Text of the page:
Law school is expensive. Like, really expensive (here’s a cheery article on the subject). Unless you have a treasure trove of hidden cash stashed away somewhere, you are probably going to rely on some combination of scholarships, financial aid, and student loans to finance your legal education. This post is about the first of those financing options—scholarships.
In general, students either receive scholarships from their schools or from outside organizations.
1. School Scholarships
With a few notable exceptions, most law schools are willing to award potentially significant amounts of merit aid to qualified candidates. There are a few ways you can try to maximize your chances of receiving such an award.
First, you should apply early. Merit aid awards—like offers of admission—are given out on a first-come-first-served basis. Consequently, the sooner you apply, the better chance you have of receiving aid. As a result, I would recommend applying no later than Thanksgiving, and preferably sooner, in order to put yourself in the best position.
Second, don’t be afraid to negotiate. When I was applying, I sent out applications to twenty schools. I knew going in that I was very unlikely to attend a school outside of the top fourteen, but I planned to use the larger merit aid awards from lower ranked schools to persuade the higher ranked schools to up the ante. I would recommend following a similar approach for whatever range of school you’re targeting. As long as you’re polite, sincere, and forthcoming, most financial aid officers and admission counselors will have at least have a conversation with you regarding increasing your offer.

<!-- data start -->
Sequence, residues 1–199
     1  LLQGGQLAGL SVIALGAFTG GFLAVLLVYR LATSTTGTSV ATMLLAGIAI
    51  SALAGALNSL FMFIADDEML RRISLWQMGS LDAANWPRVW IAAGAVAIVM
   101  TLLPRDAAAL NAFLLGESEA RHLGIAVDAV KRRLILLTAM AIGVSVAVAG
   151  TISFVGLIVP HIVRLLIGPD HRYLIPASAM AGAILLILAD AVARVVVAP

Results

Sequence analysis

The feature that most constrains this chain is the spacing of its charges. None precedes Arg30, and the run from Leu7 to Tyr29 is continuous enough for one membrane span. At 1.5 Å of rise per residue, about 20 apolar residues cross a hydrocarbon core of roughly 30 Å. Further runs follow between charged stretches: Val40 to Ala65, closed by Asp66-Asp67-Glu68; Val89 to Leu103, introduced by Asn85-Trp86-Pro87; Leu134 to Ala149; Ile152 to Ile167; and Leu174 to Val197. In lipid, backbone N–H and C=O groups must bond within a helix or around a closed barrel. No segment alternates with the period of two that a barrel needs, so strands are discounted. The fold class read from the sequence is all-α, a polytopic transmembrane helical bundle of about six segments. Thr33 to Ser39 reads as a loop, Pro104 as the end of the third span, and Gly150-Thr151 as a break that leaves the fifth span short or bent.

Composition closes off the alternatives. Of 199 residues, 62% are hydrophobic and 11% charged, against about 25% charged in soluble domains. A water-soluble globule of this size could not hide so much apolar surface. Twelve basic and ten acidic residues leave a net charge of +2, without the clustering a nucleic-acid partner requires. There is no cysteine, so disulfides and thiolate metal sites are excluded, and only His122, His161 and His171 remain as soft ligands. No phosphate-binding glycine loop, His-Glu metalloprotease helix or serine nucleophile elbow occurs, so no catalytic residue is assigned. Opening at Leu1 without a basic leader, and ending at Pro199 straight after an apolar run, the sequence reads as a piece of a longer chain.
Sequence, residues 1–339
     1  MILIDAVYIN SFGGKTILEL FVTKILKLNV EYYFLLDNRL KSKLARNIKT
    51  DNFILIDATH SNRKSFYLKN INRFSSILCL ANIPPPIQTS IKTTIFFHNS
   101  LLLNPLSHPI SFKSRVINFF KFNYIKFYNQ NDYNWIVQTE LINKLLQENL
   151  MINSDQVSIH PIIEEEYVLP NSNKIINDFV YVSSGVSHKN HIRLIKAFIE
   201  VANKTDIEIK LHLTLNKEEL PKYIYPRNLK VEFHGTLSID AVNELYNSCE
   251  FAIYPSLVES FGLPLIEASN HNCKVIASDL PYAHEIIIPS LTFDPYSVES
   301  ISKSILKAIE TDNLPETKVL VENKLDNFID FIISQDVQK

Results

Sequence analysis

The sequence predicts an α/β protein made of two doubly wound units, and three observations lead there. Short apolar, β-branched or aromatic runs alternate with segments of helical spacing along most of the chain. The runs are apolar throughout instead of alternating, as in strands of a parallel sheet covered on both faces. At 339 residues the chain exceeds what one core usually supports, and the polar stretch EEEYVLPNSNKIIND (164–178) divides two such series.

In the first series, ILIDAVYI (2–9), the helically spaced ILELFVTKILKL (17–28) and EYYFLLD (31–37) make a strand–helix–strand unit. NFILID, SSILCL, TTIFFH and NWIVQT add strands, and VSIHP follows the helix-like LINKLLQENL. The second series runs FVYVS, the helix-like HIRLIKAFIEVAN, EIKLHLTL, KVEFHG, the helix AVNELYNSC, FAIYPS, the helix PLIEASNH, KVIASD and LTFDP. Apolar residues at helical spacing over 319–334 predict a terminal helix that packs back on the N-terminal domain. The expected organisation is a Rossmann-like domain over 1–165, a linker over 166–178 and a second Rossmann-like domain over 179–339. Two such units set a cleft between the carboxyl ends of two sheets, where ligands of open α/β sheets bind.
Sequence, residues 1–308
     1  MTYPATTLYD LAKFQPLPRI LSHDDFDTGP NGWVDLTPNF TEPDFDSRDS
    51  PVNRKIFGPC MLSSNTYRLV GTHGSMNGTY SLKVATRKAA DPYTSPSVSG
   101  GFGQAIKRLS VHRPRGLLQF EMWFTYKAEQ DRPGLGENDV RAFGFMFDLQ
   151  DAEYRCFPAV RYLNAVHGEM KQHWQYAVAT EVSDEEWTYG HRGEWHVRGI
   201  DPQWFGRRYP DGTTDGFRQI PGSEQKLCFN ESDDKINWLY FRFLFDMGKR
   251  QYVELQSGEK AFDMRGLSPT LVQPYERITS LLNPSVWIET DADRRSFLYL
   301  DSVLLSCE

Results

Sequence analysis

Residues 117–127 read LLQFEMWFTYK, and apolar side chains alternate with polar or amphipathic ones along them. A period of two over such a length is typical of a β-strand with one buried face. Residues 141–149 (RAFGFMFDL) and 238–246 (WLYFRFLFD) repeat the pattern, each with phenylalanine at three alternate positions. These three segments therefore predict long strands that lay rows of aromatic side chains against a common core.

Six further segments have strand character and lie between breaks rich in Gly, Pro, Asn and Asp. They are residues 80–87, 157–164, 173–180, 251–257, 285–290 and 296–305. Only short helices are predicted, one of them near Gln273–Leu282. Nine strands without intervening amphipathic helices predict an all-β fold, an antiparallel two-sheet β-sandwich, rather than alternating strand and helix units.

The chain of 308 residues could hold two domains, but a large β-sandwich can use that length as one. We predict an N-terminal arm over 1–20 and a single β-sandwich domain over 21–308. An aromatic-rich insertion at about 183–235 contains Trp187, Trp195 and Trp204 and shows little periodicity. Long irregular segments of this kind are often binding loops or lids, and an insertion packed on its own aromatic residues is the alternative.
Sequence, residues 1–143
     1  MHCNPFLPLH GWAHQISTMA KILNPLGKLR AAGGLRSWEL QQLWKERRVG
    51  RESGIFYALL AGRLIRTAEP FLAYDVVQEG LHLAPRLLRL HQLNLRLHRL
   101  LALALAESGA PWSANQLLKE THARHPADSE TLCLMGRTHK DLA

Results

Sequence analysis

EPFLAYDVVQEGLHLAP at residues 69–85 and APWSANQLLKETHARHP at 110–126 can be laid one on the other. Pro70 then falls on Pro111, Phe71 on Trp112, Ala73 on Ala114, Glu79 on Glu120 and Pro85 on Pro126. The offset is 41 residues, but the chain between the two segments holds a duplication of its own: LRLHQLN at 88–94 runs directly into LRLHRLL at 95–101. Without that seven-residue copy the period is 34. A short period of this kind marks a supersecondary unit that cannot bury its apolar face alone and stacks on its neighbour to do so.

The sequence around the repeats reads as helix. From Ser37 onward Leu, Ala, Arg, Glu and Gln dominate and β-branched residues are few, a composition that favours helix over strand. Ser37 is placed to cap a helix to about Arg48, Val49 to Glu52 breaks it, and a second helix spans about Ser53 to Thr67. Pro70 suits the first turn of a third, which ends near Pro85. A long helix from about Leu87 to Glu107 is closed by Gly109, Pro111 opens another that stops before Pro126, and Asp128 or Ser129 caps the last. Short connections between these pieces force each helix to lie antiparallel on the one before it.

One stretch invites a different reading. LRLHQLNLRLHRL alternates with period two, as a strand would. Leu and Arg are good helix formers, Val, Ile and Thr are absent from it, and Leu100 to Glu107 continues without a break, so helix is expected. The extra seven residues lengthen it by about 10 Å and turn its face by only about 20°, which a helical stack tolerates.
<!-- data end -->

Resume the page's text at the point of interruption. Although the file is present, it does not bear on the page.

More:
Finally, you should be aware of any strings that are attached to your award. For example, some schools will require you to stay above a certain GPA cut-off in order to remain eligible for your scholarship. I would be cautious with an offer of that kind. Having gone through 1L, I can tell you with firsthand knowledge that it is very hard to predict your performance in law school classes based on your past academic record. Law school is a different beast, and you don’t want to lose a significant portion of your funding because you don’t perform quite as well as you would’ve hoped.
2. Scholarship Organizations
In addition to school scholarships, there are a variety of outside scholarships available to students. Yale Law School provides a list of some such scholarships, as does U.S. News and World Report. I would recommend that you run a Google search, either on the basis of some trait or on your geographical location (e.g. “law school scholarships for [state],” or “law school scholarship for [affinity group, personal attribute]”). The key here is to be proactive—there are a lot of scholarship opportunities available, and you should try to seek them out.
I distinctly remember getting extremely burned out by the application process. The last thing I wanted to do was seek out extra scholarship options or write additional essays. As you go through the process, you might feel the same way. Some students don’t worry about it because they expect to make so much money in biglaw that their paltry amount of law school debt will just vanish in no time. I wish that were the case. Take the time now to seek out opportunities that will help you avoid paying off student loans (and interest on those loans) for years to come.